Bertie Wooster’s friend Richard “Bingo” Little is forever falling in love with a wide variety of women, and it is up to Bertie, with the aid of Jeeves, his valet, to promote or prevent these romances, depending on the suitability of the young lady. At the beginning of The Inimitable Jeeves, Bingo is infatuated with a waitress and wants Bertie to make his Uncle Mortimer, the source of his income, receptive to the idea. Jeeves suggests having Bingo read the uncle such Rosie M. Banks novels as Only a Factory Girl, in which “marriage with young persons of an inferior social status” is advocated. Bertie has to pretend that he writes the Banks novels to encourage Uncle Mortimer further. These machinations result in the uncle marrying his cook, previously Jeeves’s intended. Jeeves has been plotting for this eventuality since becoming friendly with the waitress Bingo loves.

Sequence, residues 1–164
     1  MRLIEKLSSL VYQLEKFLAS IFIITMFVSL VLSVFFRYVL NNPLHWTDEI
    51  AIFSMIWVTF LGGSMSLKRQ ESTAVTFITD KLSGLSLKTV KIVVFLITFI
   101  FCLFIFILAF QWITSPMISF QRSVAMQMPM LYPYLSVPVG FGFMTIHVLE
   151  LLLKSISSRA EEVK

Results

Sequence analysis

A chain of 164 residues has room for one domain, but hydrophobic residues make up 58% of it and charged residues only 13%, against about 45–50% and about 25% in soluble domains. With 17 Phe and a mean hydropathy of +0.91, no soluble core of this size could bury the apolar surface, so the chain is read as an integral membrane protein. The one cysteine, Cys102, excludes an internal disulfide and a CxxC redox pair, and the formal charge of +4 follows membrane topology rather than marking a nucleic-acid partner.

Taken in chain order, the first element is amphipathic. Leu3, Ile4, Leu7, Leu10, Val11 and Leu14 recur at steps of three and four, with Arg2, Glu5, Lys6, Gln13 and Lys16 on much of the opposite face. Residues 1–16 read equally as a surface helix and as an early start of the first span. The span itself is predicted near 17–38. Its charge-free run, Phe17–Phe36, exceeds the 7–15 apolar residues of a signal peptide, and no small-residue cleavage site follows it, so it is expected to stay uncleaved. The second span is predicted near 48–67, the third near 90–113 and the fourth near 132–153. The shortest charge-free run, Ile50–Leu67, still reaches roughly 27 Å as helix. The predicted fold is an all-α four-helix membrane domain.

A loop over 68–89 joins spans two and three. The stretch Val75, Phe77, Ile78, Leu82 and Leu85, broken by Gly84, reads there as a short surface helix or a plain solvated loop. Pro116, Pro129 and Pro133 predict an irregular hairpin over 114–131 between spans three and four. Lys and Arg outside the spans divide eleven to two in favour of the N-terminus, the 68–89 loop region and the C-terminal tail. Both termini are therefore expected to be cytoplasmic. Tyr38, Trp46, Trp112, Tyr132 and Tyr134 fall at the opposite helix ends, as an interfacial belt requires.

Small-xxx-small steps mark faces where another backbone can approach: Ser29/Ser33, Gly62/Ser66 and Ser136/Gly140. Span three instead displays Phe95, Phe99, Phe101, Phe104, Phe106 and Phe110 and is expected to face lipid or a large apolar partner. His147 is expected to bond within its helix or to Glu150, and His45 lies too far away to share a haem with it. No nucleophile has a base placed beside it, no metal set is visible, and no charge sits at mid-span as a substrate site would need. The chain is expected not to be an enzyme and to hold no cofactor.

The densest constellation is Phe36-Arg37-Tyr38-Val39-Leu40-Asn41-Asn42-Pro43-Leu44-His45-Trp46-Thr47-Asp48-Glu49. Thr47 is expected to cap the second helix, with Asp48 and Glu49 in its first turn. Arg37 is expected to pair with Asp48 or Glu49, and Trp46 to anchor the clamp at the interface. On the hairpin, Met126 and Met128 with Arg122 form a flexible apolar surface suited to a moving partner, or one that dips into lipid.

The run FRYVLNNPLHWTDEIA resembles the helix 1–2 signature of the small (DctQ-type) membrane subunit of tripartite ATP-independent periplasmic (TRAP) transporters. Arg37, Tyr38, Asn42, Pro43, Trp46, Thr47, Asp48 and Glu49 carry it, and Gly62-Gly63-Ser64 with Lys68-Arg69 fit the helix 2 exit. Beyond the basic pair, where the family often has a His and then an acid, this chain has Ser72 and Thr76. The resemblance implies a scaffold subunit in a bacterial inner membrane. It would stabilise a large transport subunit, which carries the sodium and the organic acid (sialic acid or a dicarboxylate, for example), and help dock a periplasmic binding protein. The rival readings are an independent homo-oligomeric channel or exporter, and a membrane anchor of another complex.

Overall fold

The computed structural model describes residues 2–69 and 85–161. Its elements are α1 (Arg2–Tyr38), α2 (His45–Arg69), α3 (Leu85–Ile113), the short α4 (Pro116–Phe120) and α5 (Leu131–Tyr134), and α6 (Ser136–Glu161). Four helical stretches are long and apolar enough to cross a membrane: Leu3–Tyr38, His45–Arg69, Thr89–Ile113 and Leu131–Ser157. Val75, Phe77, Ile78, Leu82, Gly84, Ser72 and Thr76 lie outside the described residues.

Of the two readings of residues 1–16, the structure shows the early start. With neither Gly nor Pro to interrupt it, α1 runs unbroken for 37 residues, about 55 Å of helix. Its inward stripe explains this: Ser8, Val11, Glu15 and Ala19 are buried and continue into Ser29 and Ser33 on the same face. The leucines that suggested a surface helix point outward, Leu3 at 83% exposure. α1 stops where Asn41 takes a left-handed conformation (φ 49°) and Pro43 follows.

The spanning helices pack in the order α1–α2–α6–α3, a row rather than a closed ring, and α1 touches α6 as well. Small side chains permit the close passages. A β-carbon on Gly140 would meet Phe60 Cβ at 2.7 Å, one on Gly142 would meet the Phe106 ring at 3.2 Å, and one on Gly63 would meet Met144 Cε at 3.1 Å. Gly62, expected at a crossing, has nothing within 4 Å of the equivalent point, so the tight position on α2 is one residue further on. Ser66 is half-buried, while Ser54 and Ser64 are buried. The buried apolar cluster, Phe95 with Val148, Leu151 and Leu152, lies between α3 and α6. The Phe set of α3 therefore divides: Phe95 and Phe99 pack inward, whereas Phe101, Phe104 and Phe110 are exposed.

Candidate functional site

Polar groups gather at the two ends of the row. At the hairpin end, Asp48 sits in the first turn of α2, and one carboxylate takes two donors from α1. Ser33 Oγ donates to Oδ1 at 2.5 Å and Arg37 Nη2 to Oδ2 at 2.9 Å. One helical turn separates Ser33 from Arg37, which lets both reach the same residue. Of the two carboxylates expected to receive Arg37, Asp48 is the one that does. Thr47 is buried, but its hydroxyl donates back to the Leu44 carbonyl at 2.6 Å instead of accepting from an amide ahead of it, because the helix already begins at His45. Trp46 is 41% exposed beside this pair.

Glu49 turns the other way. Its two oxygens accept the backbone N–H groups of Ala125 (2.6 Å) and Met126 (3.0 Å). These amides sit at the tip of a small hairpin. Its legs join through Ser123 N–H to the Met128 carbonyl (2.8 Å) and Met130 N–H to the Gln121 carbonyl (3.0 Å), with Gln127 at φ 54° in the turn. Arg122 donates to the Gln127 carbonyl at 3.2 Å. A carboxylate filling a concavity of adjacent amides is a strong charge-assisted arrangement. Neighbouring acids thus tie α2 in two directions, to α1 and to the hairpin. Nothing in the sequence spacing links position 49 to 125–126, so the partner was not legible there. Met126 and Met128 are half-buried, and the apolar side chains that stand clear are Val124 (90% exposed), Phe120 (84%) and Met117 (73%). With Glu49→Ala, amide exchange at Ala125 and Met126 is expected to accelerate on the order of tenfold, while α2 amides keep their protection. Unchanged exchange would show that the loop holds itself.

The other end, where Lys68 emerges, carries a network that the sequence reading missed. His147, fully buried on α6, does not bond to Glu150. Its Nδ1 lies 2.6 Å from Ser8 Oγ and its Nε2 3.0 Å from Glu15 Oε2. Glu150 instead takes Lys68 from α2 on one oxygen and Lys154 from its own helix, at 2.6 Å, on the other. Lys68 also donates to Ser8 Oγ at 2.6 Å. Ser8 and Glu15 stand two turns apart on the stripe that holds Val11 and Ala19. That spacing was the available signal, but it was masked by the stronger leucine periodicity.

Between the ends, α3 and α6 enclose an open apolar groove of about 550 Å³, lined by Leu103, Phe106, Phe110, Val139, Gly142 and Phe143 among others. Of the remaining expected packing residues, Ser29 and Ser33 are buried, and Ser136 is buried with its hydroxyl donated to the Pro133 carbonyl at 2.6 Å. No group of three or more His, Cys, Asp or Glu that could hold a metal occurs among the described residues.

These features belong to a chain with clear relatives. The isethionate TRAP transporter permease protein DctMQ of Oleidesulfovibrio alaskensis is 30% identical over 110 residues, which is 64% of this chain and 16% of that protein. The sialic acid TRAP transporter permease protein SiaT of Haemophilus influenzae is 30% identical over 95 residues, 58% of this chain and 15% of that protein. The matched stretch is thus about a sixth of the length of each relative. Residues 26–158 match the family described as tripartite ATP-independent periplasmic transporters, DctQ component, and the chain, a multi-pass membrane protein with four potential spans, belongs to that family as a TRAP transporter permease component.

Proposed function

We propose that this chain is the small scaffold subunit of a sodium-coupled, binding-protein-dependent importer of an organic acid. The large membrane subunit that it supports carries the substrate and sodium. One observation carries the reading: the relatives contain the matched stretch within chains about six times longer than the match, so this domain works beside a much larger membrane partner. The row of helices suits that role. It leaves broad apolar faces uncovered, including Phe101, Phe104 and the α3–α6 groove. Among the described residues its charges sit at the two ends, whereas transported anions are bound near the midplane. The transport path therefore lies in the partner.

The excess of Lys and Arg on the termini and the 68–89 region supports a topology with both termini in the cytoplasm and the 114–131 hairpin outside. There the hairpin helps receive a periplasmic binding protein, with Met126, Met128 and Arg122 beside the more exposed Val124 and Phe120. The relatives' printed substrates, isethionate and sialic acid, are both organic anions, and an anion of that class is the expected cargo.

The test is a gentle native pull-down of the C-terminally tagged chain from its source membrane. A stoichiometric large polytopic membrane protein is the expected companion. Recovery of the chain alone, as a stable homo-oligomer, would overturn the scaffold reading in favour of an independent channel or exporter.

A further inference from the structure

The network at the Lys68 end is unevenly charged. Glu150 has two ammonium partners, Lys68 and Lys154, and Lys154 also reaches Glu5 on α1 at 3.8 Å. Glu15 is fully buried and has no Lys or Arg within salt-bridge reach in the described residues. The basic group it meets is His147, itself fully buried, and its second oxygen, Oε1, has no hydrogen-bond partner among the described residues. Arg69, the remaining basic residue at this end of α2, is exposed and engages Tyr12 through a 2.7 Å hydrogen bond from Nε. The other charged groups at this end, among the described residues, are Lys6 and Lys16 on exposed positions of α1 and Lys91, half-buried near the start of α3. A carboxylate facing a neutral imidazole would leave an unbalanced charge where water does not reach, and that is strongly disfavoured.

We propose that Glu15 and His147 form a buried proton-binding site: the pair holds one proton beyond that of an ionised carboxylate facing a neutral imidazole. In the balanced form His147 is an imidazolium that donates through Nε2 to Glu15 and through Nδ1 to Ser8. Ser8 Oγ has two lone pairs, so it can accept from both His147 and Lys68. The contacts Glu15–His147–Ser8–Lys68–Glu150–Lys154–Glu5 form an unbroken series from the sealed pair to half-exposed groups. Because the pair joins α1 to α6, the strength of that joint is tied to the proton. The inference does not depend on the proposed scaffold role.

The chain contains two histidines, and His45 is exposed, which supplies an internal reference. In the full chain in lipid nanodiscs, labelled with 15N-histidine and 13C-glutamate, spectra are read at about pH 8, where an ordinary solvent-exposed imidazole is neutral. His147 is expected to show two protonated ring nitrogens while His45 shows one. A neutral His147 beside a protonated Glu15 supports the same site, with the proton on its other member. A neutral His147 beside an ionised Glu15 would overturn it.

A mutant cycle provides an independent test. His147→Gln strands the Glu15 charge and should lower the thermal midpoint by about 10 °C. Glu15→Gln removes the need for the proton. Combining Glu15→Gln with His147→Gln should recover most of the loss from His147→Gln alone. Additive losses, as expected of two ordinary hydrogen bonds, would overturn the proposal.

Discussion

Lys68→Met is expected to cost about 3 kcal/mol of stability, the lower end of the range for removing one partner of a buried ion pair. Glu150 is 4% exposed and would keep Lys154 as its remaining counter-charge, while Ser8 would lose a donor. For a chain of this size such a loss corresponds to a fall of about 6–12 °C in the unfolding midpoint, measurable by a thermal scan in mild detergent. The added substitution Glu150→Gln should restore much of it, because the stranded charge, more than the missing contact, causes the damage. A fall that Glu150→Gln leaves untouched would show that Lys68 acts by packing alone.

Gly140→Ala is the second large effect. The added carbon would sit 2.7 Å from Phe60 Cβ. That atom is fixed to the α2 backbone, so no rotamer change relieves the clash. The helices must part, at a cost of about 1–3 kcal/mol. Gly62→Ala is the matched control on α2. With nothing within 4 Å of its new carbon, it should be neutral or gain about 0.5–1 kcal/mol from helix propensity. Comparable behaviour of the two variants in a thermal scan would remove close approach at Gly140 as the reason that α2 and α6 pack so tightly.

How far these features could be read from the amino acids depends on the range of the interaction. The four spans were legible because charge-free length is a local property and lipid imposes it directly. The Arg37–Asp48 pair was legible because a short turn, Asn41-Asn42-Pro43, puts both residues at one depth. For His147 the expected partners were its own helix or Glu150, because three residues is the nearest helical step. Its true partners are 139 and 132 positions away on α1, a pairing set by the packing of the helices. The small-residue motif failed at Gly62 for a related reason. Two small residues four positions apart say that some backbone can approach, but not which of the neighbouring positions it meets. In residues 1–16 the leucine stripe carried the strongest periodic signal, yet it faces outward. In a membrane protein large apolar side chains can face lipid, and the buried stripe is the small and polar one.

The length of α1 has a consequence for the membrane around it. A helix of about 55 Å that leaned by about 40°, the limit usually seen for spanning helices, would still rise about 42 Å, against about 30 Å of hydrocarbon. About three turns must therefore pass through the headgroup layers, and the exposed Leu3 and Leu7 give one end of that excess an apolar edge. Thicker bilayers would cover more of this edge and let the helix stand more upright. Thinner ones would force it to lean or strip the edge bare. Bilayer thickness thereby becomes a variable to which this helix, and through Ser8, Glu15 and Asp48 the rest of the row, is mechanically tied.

Bingo next falls for Honoria Glossop, but Bertie’s domineering Aunt Agatha wants her nephew to marry Honoria. Deciding to get out of this jam without Jeeves’s help, Bertie pushes Honoria’s young brother into a pond so that Bingo can save the boy and be a hero in his beloved’s eyes, but on his way to the pond, fickle Bingo discovers someone else. Bertie finds himself engaged to Honoria, who says that he must get rid of Jeeves. The valet conspires with Claude and Eustace, Bertie’s prankster twin cousins, to convince Honoria’s father, Sir Roderick, a prominent psychiatrist, that Bertie is crazy.
Bingo dons a false beard and pretends to be a revolutionary to win the heart of gold-toothed Charlotte Corday Rowbotham. In the guise of...
(The entire section is 676 words.)